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Fedor Emelianenko just doesn’t understand the hype around his sweater

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Fedor Emelianenko And Tito Ortiz Ring The NASDAQ Opening Bell
Fedor Emelianenko wore the sweater to ring the NASDAQ opening bell in 2009.
Photo by Joe Corrigan/Getty Images

Fedor Emelianenko’s striped sweater has become something of MMA lore over the years. It even has its own nickname: “The Glorious Sweater of Absolute Victory.”

The oddly colored piece of clothing has somehow taken on a life of its own, a mythical artifact in the history of his unique sport. Bellator even produced a tongue-in-cheek video this week about the sweater’s origins.

Perhaps there is something wholly fascinating about one of the most dangerous men in the history of sports donning not a t-shirt with a skull on it or a suit, but something your middle-aged uncle would wear.

As for Emelianenko himself, though, he just doesn’t get the hype. The sweater, he told Ariel Helwani on Monday’s edition of The MMA Hour, has no great meaning, even though he has been seen wearing it intermittently for more than a decade now.

“I simply like it,” the great heavyweight said through a translator. “So, I wear it.”

Emelianenko, 39, seems almost bothered by the buzz around the sweater and how it has become a talking point before his Bellator debut against Matt Mitrione at Bellator 172 on Saturday night in San Jose, Calif.

“I think people pay too much attention to this sweater,” he said. “I think they exaggerate this meaning a little bit. I do pay attention to what I wear. I think the sweater is of very high quality, so I wear it for a long time. But I don’t think it has any significant meaning.”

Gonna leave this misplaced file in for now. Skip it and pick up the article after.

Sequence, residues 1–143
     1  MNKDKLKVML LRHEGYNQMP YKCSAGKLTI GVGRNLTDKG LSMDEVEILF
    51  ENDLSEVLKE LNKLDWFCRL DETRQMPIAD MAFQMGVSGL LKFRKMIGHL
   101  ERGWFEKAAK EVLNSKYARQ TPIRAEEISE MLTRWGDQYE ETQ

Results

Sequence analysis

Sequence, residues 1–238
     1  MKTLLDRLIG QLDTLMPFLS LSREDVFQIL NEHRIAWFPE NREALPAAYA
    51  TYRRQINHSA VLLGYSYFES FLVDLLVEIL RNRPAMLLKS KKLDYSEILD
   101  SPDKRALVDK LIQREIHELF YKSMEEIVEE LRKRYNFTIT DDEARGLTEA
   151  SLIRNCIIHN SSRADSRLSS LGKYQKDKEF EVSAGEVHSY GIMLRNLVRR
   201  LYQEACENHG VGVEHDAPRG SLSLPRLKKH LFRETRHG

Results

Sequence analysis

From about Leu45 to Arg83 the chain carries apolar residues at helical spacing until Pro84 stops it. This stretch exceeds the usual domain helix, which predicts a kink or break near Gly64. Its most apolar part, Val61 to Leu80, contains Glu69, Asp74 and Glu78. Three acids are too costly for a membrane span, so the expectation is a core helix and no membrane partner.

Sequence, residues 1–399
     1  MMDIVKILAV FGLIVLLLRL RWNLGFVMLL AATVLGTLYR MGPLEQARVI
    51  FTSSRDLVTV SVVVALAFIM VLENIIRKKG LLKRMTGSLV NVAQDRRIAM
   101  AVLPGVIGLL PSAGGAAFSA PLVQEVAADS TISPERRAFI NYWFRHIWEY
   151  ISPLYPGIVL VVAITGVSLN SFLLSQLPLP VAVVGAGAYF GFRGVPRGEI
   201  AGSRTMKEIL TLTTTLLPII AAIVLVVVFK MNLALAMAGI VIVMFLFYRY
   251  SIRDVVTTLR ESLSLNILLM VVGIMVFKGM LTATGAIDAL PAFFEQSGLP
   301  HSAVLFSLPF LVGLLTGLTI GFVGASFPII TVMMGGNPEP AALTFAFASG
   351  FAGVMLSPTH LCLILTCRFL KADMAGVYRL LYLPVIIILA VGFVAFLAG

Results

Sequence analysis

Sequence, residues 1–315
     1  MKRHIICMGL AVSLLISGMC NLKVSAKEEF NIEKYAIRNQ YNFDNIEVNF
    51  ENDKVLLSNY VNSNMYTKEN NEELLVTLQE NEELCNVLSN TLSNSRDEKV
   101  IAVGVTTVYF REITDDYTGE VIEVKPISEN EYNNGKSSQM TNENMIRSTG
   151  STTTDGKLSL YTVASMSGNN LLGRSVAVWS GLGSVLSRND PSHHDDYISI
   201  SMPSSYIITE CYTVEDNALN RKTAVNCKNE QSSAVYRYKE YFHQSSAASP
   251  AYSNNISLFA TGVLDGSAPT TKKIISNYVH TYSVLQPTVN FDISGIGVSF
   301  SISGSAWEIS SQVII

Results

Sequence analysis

Emelianenko (36-4, 1 NC) is arguably the greatest MMA fighter of all time and he’s uncomfortable discussing that, too. After more than three years of retirement, “The Last Emperor” returned to MMA with a win over Jaideep Singh for Rizin in December 2015. He’s coming off a controversial decision victory over Fabio Maldonado last June for Eurasia Fight Nights, a bout many thought he lost or should have been a draw.

Mitrione presents a notable step up in competition for Emelianenko, probably the best fighter he has opposed since his run with Strikeforce between 2009 and 2011. Emelianenko, of course, made his name in Pride beating a who’s who of elite heavyweights like Antonio Rodrigo Nogueira, Mark Coleman, Kevin Randelman, Mirko Cro Cop and Mark Hunt. He also went 10 years undefeated.

The sweater has been with him many times over the years. He has been photographed wearing it multiple times. Emelianenko wore it in November when the fight with Mitrione was announced during a Bellator broadcast.

And, yes, he does have it with him in San Jose this weekend, he told Helwani. However, we may not get the privilege of seeing it.

“I did take it with me,” Emelianenko said, “but once I found out that there was such an exaggerated attention, I’m probably not going to put it on.”